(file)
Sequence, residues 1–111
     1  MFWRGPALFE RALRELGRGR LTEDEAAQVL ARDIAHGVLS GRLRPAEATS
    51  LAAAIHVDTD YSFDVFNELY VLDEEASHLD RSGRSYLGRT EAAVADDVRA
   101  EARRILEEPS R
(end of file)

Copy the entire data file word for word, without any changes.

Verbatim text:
Sequence, residues 1–111
     1  MFWRGPALFE RALRELGRGR LTEDEAAQVL ARDIAHGVLS GRLRPAEATS
    51  LAAAIHVDTD YSFDVFNELY VLDEEASHLD RSGRSYLGRT EAAVADDVRA
   101  EARRILEEPS R